Yogurt Parlor Franchiser Files for Chapter 11
Penguin’s Place Inc., a Thousand Oaks-based franchiser of frozen yogurt parlors, has filed for Chapter 11 bankruptcy.
In seeking protection from creditors, the privately held firm cited an industrywide slump brought on by changing buying habits, the recession and an unseasonably cool summer.
The firm said Monday that it tentatively plans to close two of its five company-owned stores but that it does not anticipate any layoffs among its 31 corporate employees.
The filing in U.S. Bankruptcy Court in Los Angeles does not affect operations at Penguin’s 118 franchises, said newly appointed President Stephen Van Velkinburgh. A former executive of Haagen-Dazs Co., he was hired last week to oversee the development of a reorganization plan. He succeeded Ben Silloway Jr., who has taken an unspecified post at Zausner Foods Corp., Penguin’s New Holland, Pa.-based parent.
In its petition to the bankruptcy court, Penguin estimated its assets at $2 million and liabilities at $6.1 million.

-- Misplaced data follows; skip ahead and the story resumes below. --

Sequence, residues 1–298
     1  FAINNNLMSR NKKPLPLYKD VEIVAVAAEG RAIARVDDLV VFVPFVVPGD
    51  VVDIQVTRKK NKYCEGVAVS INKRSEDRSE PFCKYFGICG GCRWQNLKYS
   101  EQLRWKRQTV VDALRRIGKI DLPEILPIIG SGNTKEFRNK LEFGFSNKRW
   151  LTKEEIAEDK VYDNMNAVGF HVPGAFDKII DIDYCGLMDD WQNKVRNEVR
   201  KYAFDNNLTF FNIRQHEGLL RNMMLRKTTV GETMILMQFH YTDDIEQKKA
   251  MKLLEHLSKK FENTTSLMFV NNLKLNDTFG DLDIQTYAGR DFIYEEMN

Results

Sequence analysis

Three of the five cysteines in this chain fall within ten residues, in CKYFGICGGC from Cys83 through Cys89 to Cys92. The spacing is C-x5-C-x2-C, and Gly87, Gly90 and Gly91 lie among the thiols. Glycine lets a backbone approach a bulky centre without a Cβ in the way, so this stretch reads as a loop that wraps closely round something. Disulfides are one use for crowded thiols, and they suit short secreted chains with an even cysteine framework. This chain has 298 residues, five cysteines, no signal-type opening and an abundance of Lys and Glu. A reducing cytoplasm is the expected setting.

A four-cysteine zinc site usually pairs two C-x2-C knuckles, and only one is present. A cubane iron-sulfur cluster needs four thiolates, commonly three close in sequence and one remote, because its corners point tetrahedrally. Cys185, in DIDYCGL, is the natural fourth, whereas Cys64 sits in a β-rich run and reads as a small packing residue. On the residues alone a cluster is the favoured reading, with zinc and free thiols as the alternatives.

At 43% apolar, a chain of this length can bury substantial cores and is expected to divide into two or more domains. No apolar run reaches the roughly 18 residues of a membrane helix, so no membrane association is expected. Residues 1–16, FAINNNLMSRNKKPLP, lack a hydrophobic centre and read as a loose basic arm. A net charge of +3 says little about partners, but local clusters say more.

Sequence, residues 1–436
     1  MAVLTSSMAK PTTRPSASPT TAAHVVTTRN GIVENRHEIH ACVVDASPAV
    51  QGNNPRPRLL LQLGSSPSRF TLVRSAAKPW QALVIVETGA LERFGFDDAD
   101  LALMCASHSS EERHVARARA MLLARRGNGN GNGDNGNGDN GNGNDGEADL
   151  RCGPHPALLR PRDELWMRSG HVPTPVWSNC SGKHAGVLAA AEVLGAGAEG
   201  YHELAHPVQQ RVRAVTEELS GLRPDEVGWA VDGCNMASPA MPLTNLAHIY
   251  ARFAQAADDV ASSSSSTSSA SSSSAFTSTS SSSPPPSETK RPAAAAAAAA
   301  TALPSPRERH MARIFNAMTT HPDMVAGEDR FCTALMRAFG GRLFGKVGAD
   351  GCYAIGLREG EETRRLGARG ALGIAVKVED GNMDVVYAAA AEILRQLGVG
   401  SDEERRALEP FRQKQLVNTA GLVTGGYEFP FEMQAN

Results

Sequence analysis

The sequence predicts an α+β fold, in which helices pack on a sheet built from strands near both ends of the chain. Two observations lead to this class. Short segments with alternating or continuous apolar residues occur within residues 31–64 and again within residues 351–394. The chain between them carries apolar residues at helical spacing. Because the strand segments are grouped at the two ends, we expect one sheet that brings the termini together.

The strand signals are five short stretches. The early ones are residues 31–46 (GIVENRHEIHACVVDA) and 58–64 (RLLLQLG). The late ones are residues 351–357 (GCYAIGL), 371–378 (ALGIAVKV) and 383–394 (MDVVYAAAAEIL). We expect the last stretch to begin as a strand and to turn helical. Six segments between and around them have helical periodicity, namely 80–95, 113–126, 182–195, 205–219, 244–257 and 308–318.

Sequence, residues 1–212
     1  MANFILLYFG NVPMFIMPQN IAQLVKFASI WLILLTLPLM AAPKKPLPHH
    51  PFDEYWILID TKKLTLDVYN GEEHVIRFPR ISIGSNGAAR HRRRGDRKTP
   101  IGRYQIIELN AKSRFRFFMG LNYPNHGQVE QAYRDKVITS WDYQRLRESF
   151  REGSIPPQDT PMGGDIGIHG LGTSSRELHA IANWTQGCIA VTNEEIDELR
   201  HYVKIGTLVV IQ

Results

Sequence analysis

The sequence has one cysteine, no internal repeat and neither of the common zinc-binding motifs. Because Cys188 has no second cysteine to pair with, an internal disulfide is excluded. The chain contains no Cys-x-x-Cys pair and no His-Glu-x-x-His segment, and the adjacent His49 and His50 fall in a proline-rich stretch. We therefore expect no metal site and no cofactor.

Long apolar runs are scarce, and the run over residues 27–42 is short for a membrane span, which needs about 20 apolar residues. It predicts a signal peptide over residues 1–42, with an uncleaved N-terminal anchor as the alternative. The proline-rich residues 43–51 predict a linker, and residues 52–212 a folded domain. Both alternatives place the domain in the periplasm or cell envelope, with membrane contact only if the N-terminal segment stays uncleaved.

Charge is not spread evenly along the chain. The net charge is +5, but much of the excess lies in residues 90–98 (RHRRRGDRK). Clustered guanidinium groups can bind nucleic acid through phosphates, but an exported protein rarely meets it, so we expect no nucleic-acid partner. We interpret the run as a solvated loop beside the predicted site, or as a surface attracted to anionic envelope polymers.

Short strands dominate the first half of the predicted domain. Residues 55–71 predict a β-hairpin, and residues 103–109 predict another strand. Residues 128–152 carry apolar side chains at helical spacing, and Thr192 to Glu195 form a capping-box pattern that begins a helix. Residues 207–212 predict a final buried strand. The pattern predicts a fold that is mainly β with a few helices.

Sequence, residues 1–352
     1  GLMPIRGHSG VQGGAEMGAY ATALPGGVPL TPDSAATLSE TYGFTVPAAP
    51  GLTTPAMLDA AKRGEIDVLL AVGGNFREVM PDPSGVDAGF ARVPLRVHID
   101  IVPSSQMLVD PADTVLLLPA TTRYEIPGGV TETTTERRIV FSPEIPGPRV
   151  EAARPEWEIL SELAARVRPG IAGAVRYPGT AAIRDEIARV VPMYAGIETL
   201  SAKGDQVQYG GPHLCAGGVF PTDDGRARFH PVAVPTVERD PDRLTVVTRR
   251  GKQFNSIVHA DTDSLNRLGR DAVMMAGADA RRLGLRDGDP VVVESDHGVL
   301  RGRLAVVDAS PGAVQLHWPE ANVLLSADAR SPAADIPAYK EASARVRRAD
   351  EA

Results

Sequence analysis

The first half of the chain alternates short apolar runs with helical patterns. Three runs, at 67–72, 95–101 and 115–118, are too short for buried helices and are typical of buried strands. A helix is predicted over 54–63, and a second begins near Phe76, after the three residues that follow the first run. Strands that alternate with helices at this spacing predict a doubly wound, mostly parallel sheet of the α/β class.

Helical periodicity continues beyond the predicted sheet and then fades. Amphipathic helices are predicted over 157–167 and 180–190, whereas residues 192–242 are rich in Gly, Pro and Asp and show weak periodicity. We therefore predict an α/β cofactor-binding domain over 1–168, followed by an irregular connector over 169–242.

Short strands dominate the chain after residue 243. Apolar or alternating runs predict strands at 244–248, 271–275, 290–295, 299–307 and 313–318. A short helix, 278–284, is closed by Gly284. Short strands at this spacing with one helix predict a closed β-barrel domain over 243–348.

Van Velkinburgh said Penguin’s sales have been steadily declining since their peak in mid-1987. Sales from all stores, including franchises, dropped 9% to $29 million last year from $32 million in 1989, Van Velkinburgh said. He estimated that sales this year will drop 10% from last year’s total, to about $26 million.
Van Velkinburgh said the company plans to cut costs by renegotiating store leases and streamlining its advertising to include more direct mail and fewer ads in print media.
He said Penguin’s also plans to broaden its menu of yogurt flavors and toppings. The restructuring is expected to be completed by the end of March, 1992, he said.
Like its competitors, Penguin’s has suffered in recent years as frozen yogurt has begun showing up in supermarkets and fast-food chains.